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Canadian soldiers take down the Canadian flag at the UN headquarters in Kabul on March 12, 2014, officially ending Canada's 12-year mission to Afghanistan. (Murray Brewster/The Canadian Press (via Twitter))

Canadian soldiers take down the Canadian flag at the UN headquarters in Kabul on March 12, 2014, officially ending Canada's 12-year mission to Afghanistan.

(Murray Brewster/The Canadian Press (via Twitter))

George Petrolekas

Now that we’ve left Afghanistan, time for deeper questions about what happened Add to ...

This week, Canada lowered its flag in Kabul, marking the end of a 12-year involvement in Afghanistan.

In some ways it also draws to a close a significant period in my own life. I was present in Kabul in October 2003 with the then-ambassador and a Foreign Affairs team the day the die was cast to go to Kandahar, the most dangerous region of Afghanistan then, for reasons of national prestige and nothing more.

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From 2003 to 2007 my life revolved around that country. My jobs ranged from helping prepare not only General Rick Hillier’s headquarters in Kabul when he was Canada’s Chief of Defence Staff but that of every single commander in the 49-nation NATO-led International Security Assistance Force (ISAF) coalition in that time period. I handled the evacuation of Canadian wounded and dead as our casualties began to mount in 2006 – names and emotions etched forever in my memory. I experienced what it was like to come home, and the lack of care offered, firsthand. I understand veterans’ angst.

Later, I helped manage the Canadian Forces response to the Afghan detainee affair, preparing testimony, examining documents and shaping the narrative at home. In some ways my life these last ten years was a metaphor for the mission itself.

I have been called several times in the last few days, including by journalists, for opinions on our involvement in Afghanistan. The most often asked question is rather simplistic – understandable when a story has to fit into the bookends of other news events, but revealing in that Canadians desire that 12 years should be summarized into a thumbs-up or thumbs-down question. It is also indicative of the collective national withdrawal symptom and its accompanying amnesia.

To that simple question – “Was it worth it?” – the answer is yes. Afghanistan is far better off than what it was in 2001 by almost every possible metric. Certainly, many have died and continue to do so through insurgent actions and improvised explosive devices. Undeniably governance is weak and corruption embedded, but there are no longer public amputations and executions, there is no longer ethnic repression on the scale there once was, health care has improved and there remains a sense of hope. Hope that women won’t just be chattel once again and girls can continue to be schooled, hope that governance will improve, and hope that the roots of democracy and of an improving economic condition can continue to grow.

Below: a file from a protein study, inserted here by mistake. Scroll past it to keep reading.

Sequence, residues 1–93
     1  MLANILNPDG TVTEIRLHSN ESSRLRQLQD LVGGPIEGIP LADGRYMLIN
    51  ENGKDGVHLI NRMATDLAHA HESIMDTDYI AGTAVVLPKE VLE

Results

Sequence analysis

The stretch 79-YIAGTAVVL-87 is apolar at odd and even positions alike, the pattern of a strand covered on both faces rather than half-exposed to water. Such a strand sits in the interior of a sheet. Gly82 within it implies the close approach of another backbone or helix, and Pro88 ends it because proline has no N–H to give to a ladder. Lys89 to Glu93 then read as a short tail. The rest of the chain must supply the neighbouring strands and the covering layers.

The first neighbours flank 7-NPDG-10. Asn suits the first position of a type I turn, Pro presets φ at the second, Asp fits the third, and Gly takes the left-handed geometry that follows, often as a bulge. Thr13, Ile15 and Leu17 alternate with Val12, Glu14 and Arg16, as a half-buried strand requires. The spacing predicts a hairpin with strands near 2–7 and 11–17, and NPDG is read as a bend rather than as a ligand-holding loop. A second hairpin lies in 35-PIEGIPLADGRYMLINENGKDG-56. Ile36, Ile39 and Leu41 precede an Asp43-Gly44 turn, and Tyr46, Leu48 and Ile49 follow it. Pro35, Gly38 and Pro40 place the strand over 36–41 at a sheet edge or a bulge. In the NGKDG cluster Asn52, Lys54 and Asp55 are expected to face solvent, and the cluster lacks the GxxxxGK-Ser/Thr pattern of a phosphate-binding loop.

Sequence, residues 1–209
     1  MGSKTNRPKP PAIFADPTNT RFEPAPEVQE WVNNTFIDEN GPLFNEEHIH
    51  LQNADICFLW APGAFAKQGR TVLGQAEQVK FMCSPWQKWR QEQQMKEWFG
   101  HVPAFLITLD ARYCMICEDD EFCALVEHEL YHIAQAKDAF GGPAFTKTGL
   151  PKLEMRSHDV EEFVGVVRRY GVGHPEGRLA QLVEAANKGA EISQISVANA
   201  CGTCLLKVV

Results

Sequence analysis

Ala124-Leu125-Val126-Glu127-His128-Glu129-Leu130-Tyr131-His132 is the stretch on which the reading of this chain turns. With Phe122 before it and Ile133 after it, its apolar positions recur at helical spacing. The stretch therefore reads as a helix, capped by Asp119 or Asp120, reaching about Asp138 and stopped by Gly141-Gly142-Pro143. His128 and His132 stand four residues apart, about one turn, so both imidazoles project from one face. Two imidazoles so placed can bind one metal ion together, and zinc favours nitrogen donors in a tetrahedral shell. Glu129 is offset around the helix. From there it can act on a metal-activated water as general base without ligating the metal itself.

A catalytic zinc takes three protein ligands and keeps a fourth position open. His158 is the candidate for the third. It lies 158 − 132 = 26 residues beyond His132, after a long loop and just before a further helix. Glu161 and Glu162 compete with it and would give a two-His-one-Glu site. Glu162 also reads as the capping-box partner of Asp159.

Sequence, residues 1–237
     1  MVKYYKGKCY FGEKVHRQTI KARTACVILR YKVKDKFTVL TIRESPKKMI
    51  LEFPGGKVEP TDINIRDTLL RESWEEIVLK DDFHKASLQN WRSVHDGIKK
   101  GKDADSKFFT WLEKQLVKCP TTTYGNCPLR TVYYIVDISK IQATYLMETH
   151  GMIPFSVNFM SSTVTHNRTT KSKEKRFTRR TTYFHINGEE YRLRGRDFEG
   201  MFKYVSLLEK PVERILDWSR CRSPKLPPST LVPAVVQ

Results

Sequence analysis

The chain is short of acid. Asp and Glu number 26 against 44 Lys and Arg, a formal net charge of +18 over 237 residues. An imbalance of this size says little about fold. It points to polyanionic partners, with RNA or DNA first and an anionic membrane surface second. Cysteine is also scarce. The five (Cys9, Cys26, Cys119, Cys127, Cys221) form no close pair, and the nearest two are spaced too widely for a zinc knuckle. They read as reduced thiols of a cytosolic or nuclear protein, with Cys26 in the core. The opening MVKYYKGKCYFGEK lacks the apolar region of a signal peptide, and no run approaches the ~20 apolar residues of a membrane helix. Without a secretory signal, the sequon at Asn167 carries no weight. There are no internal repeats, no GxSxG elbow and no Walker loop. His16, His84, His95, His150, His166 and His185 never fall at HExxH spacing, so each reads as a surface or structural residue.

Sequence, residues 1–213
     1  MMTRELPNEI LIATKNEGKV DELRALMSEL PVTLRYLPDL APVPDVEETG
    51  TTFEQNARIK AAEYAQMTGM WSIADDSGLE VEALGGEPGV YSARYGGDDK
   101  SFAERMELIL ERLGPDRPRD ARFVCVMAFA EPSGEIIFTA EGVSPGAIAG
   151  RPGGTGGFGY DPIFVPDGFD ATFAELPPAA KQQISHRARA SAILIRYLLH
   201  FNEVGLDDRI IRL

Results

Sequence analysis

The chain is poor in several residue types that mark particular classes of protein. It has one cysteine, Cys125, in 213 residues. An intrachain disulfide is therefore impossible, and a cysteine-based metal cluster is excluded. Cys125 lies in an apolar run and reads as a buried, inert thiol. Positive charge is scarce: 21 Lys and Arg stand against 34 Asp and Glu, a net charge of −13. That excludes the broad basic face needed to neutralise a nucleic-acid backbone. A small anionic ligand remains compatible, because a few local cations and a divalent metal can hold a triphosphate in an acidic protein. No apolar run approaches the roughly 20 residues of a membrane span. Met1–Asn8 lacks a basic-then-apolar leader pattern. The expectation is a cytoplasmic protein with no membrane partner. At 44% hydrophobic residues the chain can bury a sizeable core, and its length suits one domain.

The Canadian Forces, our police and our diplomats did what they were asked and aside from the broader legacy it can be said that Canada’s presence in Kandahar prevented a Taliban takeover and that Canada set the conditions for the subsequent U.S. surge. But the final answer will have to wait for years to be accurately answered: Will Afghanistan lapse back to Taliban days, will the Afghan National Army remain up to the task, will the West’s commitment endure financially – these will have to wait the test of time.

There is a need not only for Canada but the West and NATO to ask harder questions and demand deeper answers than have been asked to date.

Once the initial defeat of the Taliban and al Qaeda occurred, what were the specific Canadian national interests in remaining in Afghanistan, especially when the international community in which we were partners was unable to define what constituted success?

A Marshall Plan for Afghanistan was originally envisioned, only to be abandoned when the magnitude, cost and difficulty of the task became apparent. How was this to end? That answer changed four times in my experience in Afghanistan. The first was to defeat al Qaeda, the second was to set up Afghan institutions for success, the third was to defeat the insurgency and the fourth and final was to enable the Afghan security forces to stand on their own. Only the first can be answered with a definitive yes.

Afghanistan became a series of NATO fiefdoms – the British-occupied Helmand, Canadian-occupied Kandahar and Dutch-occupied Uruzgan became self-contained entities known as Helmandshire, Canuckistan and Uruzdam, at least until the US Surge. There was little unity of command amongst the fiefdoms, and certainly no continuity of command and effort, with Commanders of ISAF changing every six to nine months, the overall aims of the mission changing with them.

This lack of a cohesive approach, let alone a consistent approach, not only for Canada but for the international community writ large, is something that historians will have to examine

Finally, the enduring legacy will not just be in Afghanistan itself but in the lives of some 1,800 wounded veterans of the conflict and their families here in Canada which will last for the next thirty years or more. How these veterans will be cared for or considered is the one thing that won’t be wished away. It is telling that on the last day of Canada’s presence in Afghanistan, notwithstanding the coverage, that the subject wasn’t “trending” in a single Canadian media outlet.

Colonel George Petrolekas served as Personal Representative and then as Strategic Asdvisor to the Chief of Defence Staff, and is currently a board member of the Conference of Defence Associations Institute.

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